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Diamond Harbour was inaugurated as a suburb of Lyttelton by the purchase of 140 hectares from the Stoddart Estate by the Lyttelton Borough Council in 1913. By 1926 the village had grown to 38 houses mostly owned by professional folk who commuted to work via the steam launch to Lyttelton and the train to Christchurch. The further development of this lovely and rather sunny aspect of Whakaraupō was, however, slowed by a lack of secure water supplies. And it was this lack that led to the setting up of the Diamond Harbour Burgesses Association in 1931 which embarked on their various fruitless campaigns in the 1930s-40s to obtain water security for the growing settlement.
A half century beforehand, Lyttelton itself had also experienced water shortages until the Lyttelton Waterworks Act of 1878 allowed the Lyttelton Borough Council to pipe water through the rail tunnel from the Heathcote Reservoir. While this water was rather hard, with high chlorine levels due to sea water incursion, it was nevertheless drinkable and certainly allowed for an expansion of town building activity in the port. And it was this precious resource that would also lead to the relief of Diamond Harbour … after some decades and no small degree of persuasion!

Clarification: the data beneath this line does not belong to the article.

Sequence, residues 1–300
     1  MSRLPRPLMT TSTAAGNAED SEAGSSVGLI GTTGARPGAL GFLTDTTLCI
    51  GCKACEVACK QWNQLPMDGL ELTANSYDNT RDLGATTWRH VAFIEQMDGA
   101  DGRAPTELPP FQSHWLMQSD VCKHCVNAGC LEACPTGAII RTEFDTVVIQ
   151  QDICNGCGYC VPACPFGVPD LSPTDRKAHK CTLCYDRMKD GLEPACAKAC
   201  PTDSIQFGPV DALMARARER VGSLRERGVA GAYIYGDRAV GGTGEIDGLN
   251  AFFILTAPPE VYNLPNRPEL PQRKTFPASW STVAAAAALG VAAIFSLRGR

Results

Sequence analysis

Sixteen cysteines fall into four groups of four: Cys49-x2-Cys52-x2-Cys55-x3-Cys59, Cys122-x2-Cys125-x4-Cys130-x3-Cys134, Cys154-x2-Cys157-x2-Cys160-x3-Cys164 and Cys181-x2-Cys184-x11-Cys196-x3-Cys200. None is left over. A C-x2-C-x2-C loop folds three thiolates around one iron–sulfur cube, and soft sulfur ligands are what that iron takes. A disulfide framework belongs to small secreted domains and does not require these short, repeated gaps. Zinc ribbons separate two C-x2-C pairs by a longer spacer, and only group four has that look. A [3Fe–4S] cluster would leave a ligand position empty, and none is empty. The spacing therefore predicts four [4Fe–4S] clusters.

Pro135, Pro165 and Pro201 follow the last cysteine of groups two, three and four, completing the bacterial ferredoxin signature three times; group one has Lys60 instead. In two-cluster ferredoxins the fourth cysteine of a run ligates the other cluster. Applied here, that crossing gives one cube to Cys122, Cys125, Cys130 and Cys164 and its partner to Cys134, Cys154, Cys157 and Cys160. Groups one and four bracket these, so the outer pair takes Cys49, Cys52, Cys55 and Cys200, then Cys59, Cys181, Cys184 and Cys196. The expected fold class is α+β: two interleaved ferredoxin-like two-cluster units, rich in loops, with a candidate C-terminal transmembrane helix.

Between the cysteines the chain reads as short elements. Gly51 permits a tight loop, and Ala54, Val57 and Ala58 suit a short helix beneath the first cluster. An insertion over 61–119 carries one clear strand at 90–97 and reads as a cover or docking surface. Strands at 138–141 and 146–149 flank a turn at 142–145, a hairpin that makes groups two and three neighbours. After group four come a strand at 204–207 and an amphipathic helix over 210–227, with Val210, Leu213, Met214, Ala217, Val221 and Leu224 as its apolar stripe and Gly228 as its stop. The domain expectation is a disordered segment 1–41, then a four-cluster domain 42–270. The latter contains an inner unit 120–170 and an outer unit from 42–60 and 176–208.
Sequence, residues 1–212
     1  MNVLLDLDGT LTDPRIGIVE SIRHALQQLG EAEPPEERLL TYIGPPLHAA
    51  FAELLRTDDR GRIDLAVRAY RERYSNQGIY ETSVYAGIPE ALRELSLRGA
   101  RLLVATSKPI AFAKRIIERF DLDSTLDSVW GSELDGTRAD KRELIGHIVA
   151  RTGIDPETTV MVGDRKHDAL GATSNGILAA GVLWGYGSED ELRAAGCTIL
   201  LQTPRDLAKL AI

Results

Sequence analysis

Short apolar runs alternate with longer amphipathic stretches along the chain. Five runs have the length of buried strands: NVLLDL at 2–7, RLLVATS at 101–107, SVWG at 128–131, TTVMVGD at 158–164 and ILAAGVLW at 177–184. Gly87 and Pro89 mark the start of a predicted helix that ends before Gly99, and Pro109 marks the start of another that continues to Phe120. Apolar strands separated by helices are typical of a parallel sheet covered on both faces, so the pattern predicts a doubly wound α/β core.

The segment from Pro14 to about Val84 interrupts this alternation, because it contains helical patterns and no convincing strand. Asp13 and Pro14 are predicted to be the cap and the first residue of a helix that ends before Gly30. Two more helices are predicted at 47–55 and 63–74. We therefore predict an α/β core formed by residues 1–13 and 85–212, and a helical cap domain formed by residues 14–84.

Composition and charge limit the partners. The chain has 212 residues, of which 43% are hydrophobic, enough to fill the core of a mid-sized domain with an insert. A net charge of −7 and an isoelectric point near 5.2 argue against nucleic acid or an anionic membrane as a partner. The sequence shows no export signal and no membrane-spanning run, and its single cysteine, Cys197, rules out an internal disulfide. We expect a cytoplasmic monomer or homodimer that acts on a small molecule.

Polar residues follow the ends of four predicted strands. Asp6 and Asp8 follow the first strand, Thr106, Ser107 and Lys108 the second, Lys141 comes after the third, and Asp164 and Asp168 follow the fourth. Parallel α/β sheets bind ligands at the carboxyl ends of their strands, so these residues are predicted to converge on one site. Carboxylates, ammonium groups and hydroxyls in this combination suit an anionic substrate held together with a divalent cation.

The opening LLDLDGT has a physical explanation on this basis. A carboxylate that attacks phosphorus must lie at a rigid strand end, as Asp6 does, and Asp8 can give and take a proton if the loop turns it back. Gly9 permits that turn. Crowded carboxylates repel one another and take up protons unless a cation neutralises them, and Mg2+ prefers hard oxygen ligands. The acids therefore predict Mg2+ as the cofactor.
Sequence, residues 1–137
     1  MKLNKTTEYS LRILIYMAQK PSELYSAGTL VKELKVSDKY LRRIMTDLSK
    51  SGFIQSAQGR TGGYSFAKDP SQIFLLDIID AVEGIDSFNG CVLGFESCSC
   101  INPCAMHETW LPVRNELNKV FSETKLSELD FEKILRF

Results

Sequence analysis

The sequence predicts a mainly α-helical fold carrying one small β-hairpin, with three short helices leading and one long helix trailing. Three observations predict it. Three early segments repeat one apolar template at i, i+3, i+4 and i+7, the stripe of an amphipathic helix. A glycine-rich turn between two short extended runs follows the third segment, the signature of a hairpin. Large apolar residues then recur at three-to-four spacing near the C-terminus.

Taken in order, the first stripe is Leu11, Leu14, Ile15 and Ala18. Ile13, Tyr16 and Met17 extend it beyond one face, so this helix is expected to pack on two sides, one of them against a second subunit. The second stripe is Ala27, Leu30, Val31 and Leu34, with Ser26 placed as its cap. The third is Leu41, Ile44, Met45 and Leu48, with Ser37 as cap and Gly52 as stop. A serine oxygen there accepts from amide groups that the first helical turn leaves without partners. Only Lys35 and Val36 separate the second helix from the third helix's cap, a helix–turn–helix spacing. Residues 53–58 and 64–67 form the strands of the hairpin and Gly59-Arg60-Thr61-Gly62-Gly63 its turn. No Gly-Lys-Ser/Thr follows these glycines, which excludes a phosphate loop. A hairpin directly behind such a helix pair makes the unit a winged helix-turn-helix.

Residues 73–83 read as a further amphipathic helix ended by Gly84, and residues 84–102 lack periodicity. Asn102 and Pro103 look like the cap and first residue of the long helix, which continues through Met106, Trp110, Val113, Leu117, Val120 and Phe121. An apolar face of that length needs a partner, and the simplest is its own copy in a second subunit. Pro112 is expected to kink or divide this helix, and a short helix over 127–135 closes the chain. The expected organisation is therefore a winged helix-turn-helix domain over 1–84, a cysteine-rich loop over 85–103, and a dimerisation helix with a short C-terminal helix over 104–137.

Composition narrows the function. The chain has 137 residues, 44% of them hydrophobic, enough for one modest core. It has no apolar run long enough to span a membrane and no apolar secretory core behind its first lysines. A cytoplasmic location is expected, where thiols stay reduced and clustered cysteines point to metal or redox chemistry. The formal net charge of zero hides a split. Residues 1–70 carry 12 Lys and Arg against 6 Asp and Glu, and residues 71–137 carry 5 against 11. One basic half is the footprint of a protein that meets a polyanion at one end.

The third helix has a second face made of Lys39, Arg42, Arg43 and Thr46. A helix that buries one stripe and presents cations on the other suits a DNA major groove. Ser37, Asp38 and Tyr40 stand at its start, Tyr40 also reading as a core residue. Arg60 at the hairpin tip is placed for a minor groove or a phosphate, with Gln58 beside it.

By the 1950s the water problem in Diamond Harbour had grown so acute that the village Burgesses threatened to secede from the Lyttelton Borough Council and join the Mount Herbert County for their respite. Finally spurred into action, the Lyttelton Councillors approved the construction of an undersea pipeline that was laid in 1954 from Lyttelton across the harbour to Payne's Quarry and a reservoir above the village, fed by gravity from the Lyttelton reservoirs.
The works were carried out by the Borough Councils’ own staff with the launches shown in the first photograph used as towboats, the “Reomoana” piloted by Bill Grennell closest, and "Ngatoa Nui” piloted by Len Anderson in the distance. The pipeline was suspended from pairs of empty oil drums with the whole being launched from the assembly place along the mudflats road to the south-west edge of the Tank Farm and towed into position by the launch “Ngatoa nui” (seen in the background of the second photograph). With a flood tide, the whole length of pipeline was rested against the line of piles until allowed to sink as one unit. Thus it came to be, that the Diamond Harbour Water Mains was opened to the public on April 2nd of 1955.
While damaged in the 1960 tsunami when a Chilean earthquake caused water levels in the harbour to fall and surge by 5 metres, the pipeline continued to supply fine Port Hills bore water for several decades until being replaced in the late 1990s. And with it, the village of Te Waipapa Diamond Harbour has grown from 220 houses in 1962, into the fine suburban settlement of 1600 good people that we know and love today.
Many thanks for the details on the pipeline works go to Euan Crawford who was present as a ‘boy’ on the “Ngatoa Nui”.
See also ‘Banks Peninsula contextual historical overview and thematic framework’.